Stocks skidded Friday, with the market on track for its worst May since 2010, after President Donald Trump unexpectedly announced plans to impose tariffs on imports from Mexico in an attempt to pressure the country to stem the flow of migrants across the U.S. border.
Meanwhile, reports said China may be readying fresh retaliatory moves against the U.S. in that trade dispute, while data showed a contraction in Chinese manufacturing activity this month.
How are major benchmarks faring?
The Dow Jones Industrial Average DJIA, -1.11% dropped 240 points, or 1%, to 24,929. The S&P 500 index SPX, -1.10% fell 26 points, or 0.9%, to 2,762 and the Nasdaq Composite COMP, -1.24% dropped 82 points, or 1.1%, to 7,485.
What’s driving the market?
Late Thursday, just as Asian markets began trading, Trump announced in a tweet that the U.S. would impose a 5% tariff on all goods from Mexico until that country stops the flow of illegal immigrants into the country. He said the tariffs will rise to 10% on July 1 if the crisis persists, and by another 5% for every successive month, up to 25% by Oct. 1.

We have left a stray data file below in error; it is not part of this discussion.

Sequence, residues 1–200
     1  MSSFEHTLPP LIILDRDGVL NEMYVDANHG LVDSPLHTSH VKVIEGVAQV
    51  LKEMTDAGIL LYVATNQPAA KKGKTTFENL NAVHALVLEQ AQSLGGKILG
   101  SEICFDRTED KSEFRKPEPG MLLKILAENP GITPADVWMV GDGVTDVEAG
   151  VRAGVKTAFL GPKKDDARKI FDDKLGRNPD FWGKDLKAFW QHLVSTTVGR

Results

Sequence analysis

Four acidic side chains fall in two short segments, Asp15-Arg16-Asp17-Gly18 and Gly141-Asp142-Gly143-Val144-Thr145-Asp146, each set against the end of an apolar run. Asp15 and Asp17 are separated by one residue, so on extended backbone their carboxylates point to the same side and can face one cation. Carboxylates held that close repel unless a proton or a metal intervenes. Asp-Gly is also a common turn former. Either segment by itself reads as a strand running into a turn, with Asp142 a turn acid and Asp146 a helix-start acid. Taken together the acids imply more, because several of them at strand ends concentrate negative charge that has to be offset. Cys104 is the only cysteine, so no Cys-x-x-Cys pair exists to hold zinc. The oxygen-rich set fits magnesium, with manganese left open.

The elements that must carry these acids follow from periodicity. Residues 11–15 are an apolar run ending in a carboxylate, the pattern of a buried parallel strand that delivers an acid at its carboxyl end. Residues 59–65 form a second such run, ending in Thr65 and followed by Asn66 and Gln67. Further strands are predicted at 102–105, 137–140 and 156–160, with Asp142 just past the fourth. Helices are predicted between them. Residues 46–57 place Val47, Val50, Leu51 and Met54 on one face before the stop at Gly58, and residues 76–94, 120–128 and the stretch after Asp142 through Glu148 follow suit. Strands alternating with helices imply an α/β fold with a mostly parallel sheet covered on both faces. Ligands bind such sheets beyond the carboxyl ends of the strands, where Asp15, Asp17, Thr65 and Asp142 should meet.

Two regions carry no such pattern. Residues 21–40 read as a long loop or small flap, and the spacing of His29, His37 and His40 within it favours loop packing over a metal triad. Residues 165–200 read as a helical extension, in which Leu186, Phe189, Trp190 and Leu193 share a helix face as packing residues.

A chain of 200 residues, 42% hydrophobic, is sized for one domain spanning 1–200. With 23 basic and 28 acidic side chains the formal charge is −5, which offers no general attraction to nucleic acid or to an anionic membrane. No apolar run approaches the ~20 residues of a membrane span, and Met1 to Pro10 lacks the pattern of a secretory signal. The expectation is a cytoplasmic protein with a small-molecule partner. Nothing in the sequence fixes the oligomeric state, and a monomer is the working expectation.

“Tariffs will permanently remain at the 25% level unless and until Mexico substantially stops the illegal inflow of aliens coming through its territory,” Trump said.
The threat comes as the White House triggered the process for submitting a bill to Congress that would implement the new the U.S.-Mexico-Canada Agreement, the successor to the North American Free Trade Agreement.
Stocks were also battered after a tweet from Hu Xijin, the widely followed editor of the Global Times, indicated that China will hit back hard. “Based on what I know, China will take major retaliative measures against the